Even Laura Dern—Emmy and Oscar nominee, frontrunner for president of the Academy, daughter of Bruce Dern, best friend of Reese Witherspoon, regular collaborator of David Lynch—isn’t immune to the thrills of working on a Star Wars film. The 50-year-old actress appeared on The Late Show with Stephen Colbert Monday night to discuss as much as possible (there is a notoriously tight seal kept on such films) about her role in the upcoming Star Wars: The Last Jedi, in which she plays Vice Admiral Amilyn Holdo.
“Can you tell me anything else about Vice Admiral Holdo?” Colbert pleaded. “I can tell you,” Dern said, pausing and bursting into laughter, “I love her.”
“Is she a good guy? Is she a bad guy?” Dern shrugged. “It’s complicated.”
But here’s what Dern can say: Even with four decades of screen experience, she still got starstruck when she stepped onto the set for The Last Jedi. “To be an actor my whole life, but first, a kid who loved movies and walk on a set—costume’s ready, you’re mic’ed, you’re learning your lines, the camera’s rolling—you open your eyes to do a scene like any other work day, and it’s Star Wars? I could cry,” she said. “I thought I was going to pass out. It’s the greatest thing to ever happen to me.” At times, she managed to forget she wasn’t the “kid who loved movies” and in fact, an actor on a film set. In one scene in which Dern’s character fires a blaster, she unwittingly started making “pew pew” sound effects to accompany the gunfire as if “back in my bedroom at eight years old,” she recalled. “I was so excited.”
Dern also revisited one of her first childhood roles, an uncredited part alongside her mother, Diane Ladd, in Martin Scorsese's Alice Doesn't Live Here Anymore. She played a girl eating an ice cream cone at a diner counter, a scene that was filmed 17 times—so Dern ate 17 ice cream cones, one for each take. Thus, a star was born.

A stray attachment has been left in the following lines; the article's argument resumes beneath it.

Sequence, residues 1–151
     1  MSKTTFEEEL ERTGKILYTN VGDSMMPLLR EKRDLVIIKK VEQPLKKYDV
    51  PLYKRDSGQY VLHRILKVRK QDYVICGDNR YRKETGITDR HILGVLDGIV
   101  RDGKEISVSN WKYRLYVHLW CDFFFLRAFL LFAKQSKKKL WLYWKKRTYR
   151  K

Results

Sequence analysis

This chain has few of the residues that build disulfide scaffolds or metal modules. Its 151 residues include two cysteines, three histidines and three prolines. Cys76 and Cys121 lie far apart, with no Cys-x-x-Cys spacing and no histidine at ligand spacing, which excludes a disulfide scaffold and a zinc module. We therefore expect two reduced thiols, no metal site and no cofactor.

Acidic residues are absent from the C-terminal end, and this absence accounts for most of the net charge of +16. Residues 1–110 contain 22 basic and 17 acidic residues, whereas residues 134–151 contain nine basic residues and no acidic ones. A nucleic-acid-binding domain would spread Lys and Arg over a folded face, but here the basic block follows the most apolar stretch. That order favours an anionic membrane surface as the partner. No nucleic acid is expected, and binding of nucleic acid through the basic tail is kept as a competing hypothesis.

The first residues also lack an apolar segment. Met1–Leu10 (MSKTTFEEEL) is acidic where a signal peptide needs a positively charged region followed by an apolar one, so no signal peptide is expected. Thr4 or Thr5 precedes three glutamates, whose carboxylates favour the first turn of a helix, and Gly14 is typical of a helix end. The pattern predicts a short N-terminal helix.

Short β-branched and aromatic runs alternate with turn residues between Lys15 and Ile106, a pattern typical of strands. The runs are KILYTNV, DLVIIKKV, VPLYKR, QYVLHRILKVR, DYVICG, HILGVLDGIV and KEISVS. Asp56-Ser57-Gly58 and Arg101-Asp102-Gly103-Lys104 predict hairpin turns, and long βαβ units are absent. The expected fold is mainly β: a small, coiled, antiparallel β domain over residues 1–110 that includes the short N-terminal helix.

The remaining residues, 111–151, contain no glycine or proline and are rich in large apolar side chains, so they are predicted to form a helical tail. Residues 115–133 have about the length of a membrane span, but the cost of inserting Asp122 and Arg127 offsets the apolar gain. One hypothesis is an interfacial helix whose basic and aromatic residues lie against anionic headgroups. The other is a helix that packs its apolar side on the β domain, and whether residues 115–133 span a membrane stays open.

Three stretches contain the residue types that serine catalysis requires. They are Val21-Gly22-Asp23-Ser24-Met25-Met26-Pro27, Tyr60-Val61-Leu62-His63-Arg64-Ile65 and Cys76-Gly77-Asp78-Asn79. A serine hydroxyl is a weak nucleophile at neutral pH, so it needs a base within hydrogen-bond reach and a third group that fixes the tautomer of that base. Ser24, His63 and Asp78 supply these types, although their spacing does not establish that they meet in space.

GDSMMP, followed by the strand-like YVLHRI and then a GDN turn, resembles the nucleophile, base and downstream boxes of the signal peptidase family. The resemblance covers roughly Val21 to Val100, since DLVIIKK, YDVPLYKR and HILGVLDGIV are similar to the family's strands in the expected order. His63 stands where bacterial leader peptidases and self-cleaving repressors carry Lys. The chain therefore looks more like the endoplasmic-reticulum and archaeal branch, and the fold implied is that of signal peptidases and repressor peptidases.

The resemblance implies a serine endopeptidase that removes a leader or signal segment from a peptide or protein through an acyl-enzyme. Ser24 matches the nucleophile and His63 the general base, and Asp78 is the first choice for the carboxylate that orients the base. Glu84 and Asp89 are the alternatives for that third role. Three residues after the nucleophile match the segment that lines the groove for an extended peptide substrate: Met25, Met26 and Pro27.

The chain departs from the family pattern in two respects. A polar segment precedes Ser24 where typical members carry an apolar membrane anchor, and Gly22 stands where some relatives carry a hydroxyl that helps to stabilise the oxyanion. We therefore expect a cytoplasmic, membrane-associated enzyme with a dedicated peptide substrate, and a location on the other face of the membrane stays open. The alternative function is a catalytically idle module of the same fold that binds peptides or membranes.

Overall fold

Though Monday night was Dern’s first appearance on Colbert’s eponymous late-night show, the two also had the chance to catch up back at the Metropolitan Museum of Art Costume Institute gala back in May, where they sat at the same table—Colbert with Dern on one side and former Fox News anchor Megyn Kelly on the other. “Very different conversations,” he said, beginning his interview with Dern Monday evening. Dern offered a snapshot of their conversation: While the rest of the attendees filed in, discussing “selfies and fashion,” she, Colbert, and the rest of the table “engaged in a conversation about psoriasis.” Because, when surrounded by the masterworks of Rei Kawakubo, where else is the conversation expected to go?
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